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Quoraishi S et al, 2017: Lessons learnt from a case of extracorporeal shockwave lithotripsy for a residual gallbladder stone.

Quoraishi S, Ahmed J, Ponsford A, Rasheed A.
General Surgery, Royal Gwent Hospital, Newport, UK.
Department of Urology, Royal Gwent Hospital, Newport, UK.

Abstract

INTRODUCTION: Extracorporeal shockwave lithotripsy (ECSWL) for gallstones is rarely used due to high recurrence rates, but has been reported to be effective in some circumstances.
PRESENTATION OF CASE: We describe a case of a failed attempt at laparoscopic cholecystectomy due to gallbladder contraction and complete obliteration of Calot's triangle. Cholecystotomy was performed to remove all visible stones, and completed by a subtotal cholecystectomy and closure of the gallbladder remnant. The patient remained symptomatic due to a residual stone in the Hartmann's pouch. ECSWL was attempted to fragment the stone; however, follow-up imaging showed persistence of the calculus.
DISCUSSION: Literature review shows that ECSWL for multiple gallbladder stones has a low success rate. Even if a stone is successfully fragmented, a diseased gallbladder remnant seems incapable of expelling the fragments. Without completion endoscopic clearance, therefore, the treatment is considered incomplete.
CONCLUSION: Our case suggests that ECSWL is ineffective in management of residual gallbladder stones after failed cholecystectomy. 

Int J Surg Case Rep. 2017 Feb 3;32:43-46. doi: 10.1016/j.ijscr.2017.02.001. [Epub ahead of print]

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Comments 1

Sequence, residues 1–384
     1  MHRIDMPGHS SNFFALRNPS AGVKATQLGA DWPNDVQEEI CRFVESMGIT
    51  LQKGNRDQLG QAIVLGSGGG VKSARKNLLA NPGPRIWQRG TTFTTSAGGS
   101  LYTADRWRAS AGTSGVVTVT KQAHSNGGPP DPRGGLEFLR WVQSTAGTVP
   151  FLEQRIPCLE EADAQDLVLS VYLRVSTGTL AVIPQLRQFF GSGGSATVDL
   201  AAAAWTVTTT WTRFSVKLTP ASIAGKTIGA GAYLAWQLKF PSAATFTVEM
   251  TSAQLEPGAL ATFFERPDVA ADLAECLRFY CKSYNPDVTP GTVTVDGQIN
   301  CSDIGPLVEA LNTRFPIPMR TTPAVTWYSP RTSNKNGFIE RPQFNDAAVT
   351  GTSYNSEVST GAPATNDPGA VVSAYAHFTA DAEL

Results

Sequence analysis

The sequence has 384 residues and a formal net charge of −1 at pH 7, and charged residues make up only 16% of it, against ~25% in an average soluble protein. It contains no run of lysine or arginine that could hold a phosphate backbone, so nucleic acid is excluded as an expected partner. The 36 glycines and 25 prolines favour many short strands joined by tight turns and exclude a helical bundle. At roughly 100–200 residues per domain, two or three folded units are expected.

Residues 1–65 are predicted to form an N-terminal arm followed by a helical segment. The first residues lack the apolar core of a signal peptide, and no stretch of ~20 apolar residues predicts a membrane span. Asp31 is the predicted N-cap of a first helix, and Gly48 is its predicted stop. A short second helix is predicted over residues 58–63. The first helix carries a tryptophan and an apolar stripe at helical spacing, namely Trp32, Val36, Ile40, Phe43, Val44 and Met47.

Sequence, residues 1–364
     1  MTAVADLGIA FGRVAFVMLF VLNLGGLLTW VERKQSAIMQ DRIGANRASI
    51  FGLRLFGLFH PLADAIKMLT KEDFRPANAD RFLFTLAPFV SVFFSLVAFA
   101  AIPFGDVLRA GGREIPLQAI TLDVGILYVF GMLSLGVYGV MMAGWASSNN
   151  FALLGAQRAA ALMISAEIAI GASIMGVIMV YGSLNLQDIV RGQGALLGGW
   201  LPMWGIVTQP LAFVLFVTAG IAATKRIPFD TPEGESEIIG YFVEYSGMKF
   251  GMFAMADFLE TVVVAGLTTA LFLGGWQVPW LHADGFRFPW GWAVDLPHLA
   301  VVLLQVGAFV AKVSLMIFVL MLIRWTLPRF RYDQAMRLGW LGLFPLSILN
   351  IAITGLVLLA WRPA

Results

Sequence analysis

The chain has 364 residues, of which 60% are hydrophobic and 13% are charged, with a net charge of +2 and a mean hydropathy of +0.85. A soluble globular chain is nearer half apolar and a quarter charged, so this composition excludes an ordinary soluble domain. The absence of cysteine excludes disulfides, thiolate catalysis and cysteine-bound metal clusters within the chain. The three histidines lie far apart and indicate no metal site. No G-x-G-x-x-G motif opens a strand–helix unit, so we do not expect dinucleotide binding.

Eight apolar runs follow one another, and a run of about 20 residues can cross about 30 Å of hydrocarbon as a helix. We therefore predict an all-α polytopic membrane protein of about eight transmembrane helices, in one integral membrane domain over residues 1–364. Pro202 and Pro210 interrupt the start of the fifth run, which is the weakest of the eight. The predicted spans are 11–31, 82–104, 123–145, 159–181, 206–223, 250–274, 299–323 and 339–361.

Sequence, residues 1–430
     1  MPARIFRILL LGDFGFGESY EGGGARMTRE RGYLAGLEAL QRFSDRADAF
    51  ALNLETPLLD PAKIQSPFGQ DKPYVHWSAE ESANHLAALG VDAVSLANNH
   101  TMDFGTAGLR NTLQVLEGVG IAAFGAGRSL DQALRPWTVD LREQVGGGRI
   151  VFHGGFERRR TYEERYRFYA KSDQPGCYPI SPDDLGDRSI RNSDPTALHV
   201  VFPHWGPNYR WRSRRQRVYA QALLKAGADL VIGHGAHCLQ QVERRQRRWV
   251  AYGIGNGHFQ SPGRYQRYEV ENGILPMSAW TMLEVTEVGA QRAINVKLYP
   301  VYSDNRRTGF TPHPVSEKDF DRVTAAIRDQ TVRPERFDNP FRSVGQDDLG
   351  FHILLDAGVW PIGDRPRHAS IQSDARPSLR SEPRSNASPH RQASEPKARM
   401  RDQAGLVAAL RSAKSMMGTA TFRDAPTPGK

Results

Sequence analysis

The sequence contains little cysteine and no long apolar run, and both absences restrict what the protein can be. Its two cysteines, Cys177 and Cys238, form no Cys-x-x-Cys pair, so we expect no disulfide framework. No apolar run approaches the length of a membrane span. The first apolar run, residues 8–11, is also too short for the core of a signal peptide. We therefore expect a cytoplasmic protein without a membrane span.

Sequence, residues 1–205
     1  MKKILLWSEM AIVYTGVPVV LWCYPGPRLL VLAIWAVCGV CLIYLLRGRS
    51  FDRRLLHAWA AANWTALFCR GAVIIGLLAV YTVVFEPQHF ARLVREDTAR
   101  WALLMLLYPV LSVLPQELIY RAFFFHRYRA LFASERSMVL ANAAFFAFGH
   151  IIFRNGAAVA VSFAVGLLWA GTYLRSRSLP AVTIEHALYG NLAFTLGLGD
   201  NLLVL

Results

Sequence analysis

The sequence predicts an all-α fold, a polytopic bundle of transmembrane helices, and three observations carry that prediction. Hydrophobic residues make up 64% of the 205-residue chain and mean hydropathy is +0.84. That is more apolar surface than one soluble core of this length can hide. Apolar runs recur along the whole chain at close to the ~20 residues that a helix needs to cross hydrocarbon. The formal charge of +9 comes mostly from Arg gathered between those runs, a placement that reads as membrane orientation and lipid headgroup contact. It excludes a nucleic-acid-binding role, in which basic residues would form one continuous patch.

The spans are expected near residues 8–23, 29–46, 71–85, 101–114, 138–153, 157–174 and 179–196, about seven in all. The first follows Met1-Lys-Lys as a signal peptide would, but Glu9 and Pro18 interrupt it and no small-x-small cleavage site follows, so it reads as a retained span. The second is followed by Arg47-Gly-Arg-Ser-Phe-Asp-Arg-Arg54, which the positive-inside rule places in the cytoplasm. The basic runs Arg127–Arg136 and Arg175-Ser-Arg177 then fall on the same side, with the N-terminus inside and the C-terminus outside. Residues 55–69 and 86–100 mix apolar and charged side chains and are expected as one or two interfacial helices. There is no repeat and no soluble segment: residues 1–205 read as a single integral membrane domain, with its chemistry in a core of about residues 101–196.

Hans-Göran Tiselius on Friday, 07 July 2017 07:57

This case report describes a series of attempts to remove gallstones from a shrunken and functionally destroyed gallbladder. The anatomy did not invite to neither laparoscopy nor open surgery. Following stone removal through a cholecystostomy a residual (and probably impacted) stone was treated with SWL. Very few details are given on how this procedure was carried out, but obviously the fragments did not have a chance to pass.

This is in no way surprising and it is not mentioned how (or if) the authors solved the problem. One final low-invasive option –in view of the disintegrated stone – would have been another cholecystostomy with direct chemolysis with or without endoscopic fragment clearance.

In view of the problems with this patient it had probably been better to use SWL early during the procedure in order to disintegrate the stone before stone removal via a cholecystostomy.

This case report describes a series of attempts to remove gallstones from a shrunken and functionally destroyed gallbladder. The anatomy did not invite to neither laparoscopy nor open surgery. Following stone removal through a cholecystostomy a residual (and probably impacted) stone was treated with SWL. Very few details are given on how this procedure was carried out, but obviously the fragments did not have a chance to pass. This is in no way surprising and it is not mentioned how (or if) the authors solved the problem. One final low-invasive option –in view of the disintegrated stone – would have been another cholecystostomy with direct chemolysis with or without endoscopic fragment clearance. In view of the problems with this patient it had probably been better to use SWL early during the procedure in order to disintegrate the stone before stone removal via a cholecystostomy.
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